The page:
34. God loves you because of who God is, not because of anything you did or didn’t do.
35. Don’t audit life. Show up and make the most of it now.
36. Growing old beats the alternative — dying young.
37. Your children get only one childhood.
38. All that truly matters in the end is that you loved.
39. Get outside every day. Miracles are waiting everywhere.
40. If we all threw our problems in a pile and saw everyone else’s, we’d
grab ours back.
41. Envy is a waste of time. Accept what you already have, not what you think you need.
42. The best is yet to come…
43. No matter how you feel, get up, dress up and show up.
44. Yield.
45. Life isn’t tied with a bow, but it’s still a gift.

My Mother by John

As it is with mothers, my Mother is the most important person in my life.   She had specific expectations and didn’t mind telling you exactly where she stood.  If she thought you did wrong or missed the mark, she told you so – very directly and often without diplomacy.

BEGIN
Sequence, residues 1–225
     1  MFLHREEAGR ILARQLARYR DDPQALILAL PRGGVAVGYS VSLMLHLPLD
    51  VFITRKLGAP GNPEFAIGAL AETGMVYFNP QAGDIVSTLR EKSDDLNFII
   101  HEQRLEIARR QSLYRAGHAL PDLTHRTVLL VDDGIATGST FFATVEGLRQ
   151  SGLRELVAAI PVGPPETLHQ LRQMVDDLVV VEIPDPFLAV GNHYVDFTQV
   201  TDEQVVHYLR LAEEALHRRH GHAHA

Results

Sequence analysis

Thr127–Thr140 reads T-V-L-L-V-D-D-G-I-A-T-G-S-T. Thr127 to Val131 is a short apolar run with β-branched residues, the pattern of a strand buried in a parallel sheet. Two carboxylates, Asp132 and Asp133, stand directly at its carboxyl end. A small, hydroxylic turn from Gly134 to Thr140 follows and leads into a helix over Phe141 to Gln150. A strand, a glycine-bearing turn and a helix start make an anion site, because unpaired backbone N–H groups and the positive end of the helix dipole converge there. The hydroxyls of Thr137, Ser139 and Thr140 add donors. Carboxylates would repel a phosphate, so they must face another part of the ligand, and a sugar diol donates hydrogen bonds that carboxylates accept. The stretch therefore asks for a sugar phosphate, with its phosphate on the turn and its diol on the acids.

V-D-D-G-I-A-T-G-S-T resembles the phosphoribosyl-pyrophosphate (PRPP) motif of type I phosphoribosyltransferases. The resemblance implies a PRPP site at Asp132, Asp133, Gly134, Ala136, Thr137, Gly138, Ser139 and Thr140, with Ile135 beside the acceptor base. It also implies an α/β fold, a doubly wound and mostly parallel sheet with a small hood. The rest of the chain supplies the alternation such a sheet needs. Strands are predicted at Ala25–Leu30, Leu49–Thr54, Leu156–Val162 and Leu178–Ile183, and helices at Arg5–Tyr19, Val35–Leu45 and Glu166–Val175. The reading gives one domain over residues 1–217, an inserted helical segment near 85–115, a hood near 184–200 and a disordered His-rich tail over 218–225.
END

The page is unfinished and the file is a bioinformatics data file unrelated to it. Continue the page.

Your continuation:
Though she was opinionated, I never doubted that she had my best interest at heart and in mind.  She sacrificed to assure I completed college and she came up with the down payment, which we repaid over several years without interest, so that Theresa and I could buy a home in Farmersville.  When I was much younger, she would test me on spelling going over words for hours.  As she did with others, a letter to her was sometimes returned with the grammar corrections of an English teacher.

I will miss her profoundly.  I have found it very difficult since 2007 to re-define my state-of-mind removing my Father from the here and present mind-status.  This status is a trusted and intimate soul on the speed dial whom I can call for advice or engage in a discussion of some current event.  It will be more difficult to remove my Mom from this status not only because of her profound importance, but also because both Dad and Mom are now gone.